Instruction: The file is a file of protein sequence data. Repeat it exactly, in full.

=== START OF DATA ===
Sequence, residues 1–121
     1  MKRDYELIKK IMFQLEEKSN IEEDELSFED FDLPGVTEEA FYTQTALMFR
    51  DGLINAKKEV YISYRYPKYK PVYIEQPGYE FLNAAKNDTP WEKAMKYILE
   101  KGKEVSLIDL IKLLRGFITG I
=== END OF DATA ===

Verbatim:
Sequence, residues 1–121
     1  MKRDYELIKK IMFQLEEKSN IEEDELSFED FDLPGVTEEA FYTQTALMFR
    51  DGLINAKKEV YISYRYPKYK PVYIEQPGYE FLNAAKNDTP WEKAMKYILE
   101  KGKEVSLIDL IKLLRGFITG I